Though there are a substantial number of Republicans, particularly officeholders, with little personal regard for Trump, the vitriolic hatred of him harbored by Democrats, because of his victory over their chosen candidate, is in a different category. Essentially, the mainstream media, an affiliate of the Democratic Party, is off and running, with the following sorts of assertions to be found on a daily basis.

Los Angeles Times – “Trump’s downward spiral … the result is an administration that has lurched from one crisis to another. The larger issue is that Trump’s unintended intelligence leak fits into a broader pattern of general incompetence, compounded by hubris. The chaos that is being created by the lack of discipline is creating … worrisome environment. Trump has created his own troubles, and they are far from over.”

Associated Press – “The disclosure to Russia appeared to violate an intelligence-sharing agreement that provides the U.S. critical information about threats to the nation. The fact that the secrets went to Russia, an adversary of the U.S. and many of its allies, was especially alarming.”

The New York Times – “’I hope you can let this go,’ the president told Comey, according to the memo. The existence of Trump’s request is the clearest evidence that the president has tried to directly influence the Justice Department and FBI investigation into links between Trump’s associates and Russia.”

The Washington Post – “Former FBI Director James Comey’s allegation that President Donald Trump pressed him to shut down the bureau’s investigation into former national security advisor Michael Flynn provides the strongest support yet for a criminal obstruction-of-justice case against Trump, legal analysts say.”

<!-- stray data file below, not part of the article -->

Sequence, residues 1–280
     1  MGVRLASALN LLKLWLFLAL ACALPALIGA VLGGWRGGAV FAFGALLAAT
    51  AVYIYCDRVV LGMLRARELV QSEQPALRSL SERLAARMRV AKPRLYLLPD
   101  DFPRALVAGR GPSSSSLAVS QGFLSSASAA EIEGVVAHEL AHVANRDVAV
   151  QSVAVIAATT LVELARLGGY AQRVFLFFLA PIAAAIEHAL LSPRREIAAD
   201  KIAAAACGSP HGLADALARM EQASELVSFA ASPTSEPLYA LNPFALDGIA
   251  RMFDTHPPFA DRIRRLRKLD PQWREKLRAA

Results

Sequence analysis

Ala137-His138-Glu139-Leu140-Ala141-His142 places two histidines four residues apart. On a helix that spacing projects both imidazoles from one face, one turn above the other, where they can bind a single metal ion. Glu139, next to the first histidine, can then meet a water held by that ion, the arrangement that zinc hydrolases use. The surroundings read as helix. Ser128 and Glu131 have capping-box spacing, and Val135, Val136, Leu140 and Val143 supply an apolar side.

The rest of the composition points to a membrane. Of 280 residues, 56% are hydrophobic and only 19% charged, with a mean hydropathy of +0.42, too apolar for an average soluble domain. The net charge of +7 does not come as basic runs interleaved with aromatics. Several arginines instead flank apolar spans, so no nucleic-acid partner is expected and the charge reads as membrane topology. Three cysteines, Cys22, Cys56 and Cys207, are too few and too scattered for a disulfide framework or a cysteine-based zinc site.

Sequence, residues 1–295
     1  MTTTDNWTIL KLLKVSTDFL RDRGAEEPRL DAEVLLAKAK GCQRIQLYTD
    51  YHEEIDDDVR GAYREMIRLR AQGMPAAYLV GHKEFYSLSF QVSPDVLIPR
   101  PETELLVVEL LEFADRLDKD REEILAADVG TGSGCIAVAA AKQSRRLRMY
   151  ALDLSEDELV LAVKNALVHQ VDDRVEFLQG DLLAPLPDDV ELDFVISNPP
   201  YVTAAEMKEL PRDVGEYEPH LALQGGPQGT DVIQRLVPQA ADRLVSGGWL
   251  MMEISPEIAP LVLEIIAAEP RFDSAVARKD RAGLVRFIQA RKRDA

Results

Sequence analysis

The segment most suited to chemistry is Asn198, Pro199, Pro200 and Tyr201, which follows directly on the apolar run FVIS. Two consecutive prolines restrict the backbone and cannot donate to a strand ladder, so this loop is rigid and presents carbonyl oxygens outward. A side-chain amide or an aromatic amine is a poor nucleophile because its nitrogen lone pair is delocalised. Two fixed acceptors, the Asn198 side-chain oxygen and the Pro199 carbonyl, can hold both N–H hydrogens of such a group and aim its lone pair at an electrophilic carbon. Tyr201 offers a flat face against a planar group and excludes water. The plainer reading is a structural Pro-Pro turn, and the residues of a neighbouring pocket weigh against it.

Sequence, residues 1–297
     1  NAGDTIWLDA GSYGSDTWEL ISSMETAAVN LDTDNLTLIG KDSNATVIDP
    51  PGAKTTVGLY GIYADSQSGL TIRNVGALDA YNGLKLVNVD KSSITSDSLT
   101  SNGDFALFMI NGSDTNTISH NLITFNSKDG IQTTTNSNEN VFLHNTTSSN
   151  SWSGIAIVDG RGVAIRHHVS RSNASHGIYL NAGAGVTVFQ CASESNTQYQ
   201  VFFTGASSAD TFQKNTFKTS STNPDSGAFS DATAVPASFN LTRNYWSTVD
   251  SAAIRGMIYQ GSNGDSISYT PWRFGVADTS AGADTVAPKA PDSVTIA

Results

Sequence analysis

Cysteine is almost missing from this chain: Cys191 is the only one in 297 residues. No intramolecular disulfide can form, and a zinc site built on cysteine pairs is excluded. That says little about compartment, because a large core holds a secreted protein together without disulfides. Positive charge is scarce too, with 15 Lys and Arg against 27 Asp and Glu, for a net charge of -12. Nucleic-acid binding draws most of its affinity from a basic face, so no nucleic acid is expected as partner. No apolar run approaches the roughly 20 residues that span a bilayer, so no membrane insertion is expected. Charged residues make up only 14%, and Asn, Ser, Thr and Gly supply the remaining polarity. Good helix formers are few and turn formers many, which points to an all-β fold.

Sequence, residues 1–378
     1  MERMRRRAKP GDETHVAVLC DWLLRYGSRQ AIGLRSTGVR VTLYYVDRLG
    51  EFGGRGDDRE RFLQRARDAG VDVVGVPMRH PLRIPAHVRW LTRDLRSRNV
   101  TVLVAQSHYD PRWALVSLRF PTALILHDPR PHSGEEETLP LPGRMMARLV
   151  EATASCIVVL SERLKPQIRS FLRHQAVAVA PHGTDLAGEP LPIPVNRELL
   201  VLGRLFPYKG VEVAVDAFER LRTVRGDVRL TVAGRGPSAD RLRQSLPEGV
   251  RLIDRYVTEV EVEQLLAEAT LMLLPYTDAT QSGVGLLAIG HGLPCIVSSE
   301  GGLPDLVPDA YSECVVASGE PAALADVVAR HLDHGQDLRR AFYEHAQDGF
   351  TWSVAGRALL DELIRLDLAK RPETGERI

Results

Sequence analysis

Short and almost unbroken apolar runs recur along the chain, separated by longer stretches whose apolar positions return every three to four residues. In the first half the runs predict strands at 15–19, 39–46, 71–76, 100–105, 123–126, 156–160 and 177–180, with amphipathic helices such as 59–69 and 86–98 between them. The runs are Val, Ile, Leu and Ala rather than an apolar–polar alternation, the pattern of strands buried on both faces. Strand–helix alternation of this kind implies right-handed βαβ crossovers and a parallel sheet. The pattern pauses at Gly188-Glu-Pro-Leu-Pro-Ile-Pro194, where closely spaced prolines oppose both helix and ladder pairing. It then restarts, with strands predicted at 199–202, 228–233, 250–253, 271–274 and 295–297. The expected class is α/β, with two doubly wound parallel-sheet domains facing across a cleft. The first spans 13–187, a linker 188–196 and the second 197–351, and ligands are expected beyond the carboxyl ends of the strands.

Is it then any wonder on Thursday, May 18th, the Business Section of the Los Angeles Times reported: “After days of brushing aside the political turmoil engulfing Trump’s presidency, Wall Street finally took notice and sent stocks reeling Wednesday in their worst drubbing in months”?

As a postscript, Associated Press put the finishing touches on the castigation with the following lines: “The growing political drama in Washington rattled Wall Street on Wednesday, knocking the Dow Jones industrial average down more than 370 points and giving the stock market its biggest single-day slump in eight months. Investors worried that the political turmoil that has enveloped the White House may hurt President Trump’s ability to see through his pro-business agenda.”

As a final thought, I can provide no suggestions to investors – in view of the nonsense being perpetrated – on how to hedge their investment portfolios, for I don’t know what’s coming next. It’s my belief “ninety-five percent of everything is nonsense,” and that to prosper in life, you must try to relegate your activities to the five-percent which is essentially rational. Unfortunately, when the persons and organizations with the ability to promote and safeguard our economy choose, instead, to wreak havoc on it, there may be no place to hide. We’re now in the midst of a conflict where the losing party in the 2016 elections is attempting to reverse the outcome. There’s no way to predict how this will all turn out.

Al Jacobs, a professional investor for nearly a half-century, issues a monthly newsletter in which he shares his financial knowledge and experience. You may view it on http://www.roadwaytoprosperity.com



Add new comment


Copyright 2024 Beeler & Associates.

All rights reserved. Contents may not be reproduced or transmitted – by any means – without publisher's written permission.